In this assignment, you will modify the PhoneNumber class you wrote back in homework 7. You will add a class method named "getDigit" that accepts a single character (as a char parameter) and returns the corresponding digit on a telephone keypad (as a char value).
The telephone digit corresponding to a given character.
A single character.
Each of the digits '2' through '9' in a telephone "number" corresponds to three or four letters of the alphabet as shown below. Given a letter of the alphabet (either uppercase or lowercase), the getDigit method should return the corresponding digit. For example, PhoneNumber.getDigit('A') should return '2'. If the character parameter is a digit then getDigit should return that digit. For example, PhoneNumber.getDigit('3') should return '3'. Finally, if the parameter value is neither a letter nor a digit then the getDigit method should return '*'. For example, PhoneNumber.getDigit('?') should return '*'.
You must use a switch statement to determine the digit that corresponds to the parameter value.
Don't forget that the only thing that marks a method as a class method rather than an instance method is the "static" modifier in the method declaration as in:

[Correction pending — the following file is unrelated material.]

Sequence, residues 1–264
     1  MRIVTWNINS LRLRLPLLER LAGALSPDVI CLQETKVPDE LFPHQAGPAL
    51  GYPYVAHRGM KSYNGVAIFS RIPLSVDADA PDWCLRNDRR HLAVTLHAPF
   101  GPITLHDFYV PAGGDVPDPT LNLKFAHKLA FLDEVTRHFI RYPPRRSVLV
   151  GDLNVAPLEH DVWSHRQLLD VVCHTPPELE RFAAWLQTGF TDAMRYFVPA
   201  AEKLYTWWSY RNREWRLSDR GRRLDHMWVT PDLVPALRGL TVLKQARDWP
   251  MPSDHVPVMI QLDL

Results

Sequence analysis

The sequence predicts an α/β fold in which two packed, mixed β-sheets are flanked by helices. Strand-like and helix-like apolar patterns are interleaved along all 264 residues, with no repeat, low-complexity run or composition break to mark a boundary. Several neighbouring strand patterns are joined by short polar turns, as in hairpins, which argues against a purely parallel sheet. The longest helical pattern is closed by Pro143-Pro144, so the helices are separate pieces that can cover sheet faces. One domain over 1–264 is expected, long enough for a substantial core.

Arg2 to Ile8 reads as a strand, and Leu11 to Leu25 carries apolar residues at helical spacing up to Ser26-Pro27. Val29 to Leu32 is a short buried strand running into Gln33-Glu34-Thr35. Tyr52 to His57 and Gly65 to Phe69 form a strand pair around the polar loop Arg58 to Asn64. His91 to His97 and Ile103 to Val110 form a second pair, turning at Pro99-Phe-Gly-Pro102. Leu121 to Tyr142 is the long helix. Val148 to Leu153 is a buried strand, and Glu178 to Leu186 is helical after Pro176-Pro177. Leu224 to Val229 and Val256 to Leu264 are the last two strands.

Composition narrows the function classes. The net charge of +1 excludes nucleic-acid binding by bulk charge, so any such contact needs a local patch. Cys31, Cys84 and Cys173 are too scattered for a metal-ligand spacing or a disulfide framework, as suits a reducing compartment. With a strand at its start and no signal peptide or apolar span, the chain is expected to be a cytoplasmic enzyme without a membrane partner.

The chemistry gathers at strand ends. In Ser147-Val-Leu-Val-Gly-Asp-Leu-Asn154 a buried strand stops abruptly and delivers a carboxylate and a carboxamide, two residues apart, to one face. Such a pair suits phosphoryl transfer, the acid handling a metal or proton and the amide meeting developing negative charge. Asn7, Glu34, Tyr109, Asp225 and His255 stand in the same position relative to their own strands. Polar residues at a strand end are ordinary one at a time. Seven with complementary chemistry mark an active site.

public static char getDigit(char c)
Using the toUpperCase method of the Character class simplifies the logic since all you have to worry about are uppercase letters rather than both uppercase and lowercase letters. If ch is a character variable (such as the parameter to the isDigit method), the function
returns the corresponding uppercase value. More specifically, if ch is a lowercase letter of the alphabet then toUpperCase(ch) returns the corresponding uppercase letter. Otherwise, it returns the value of ch unchanged. Here are some examples:
Character.toUpperCase('A') returns 'A' Character.toUpperCase('d') returns 'D' Character.toUpperCase('3') returns '3'
Submit your modified PhoneNumber.java file as an attachment to an email message whose subject is "Hmwk13".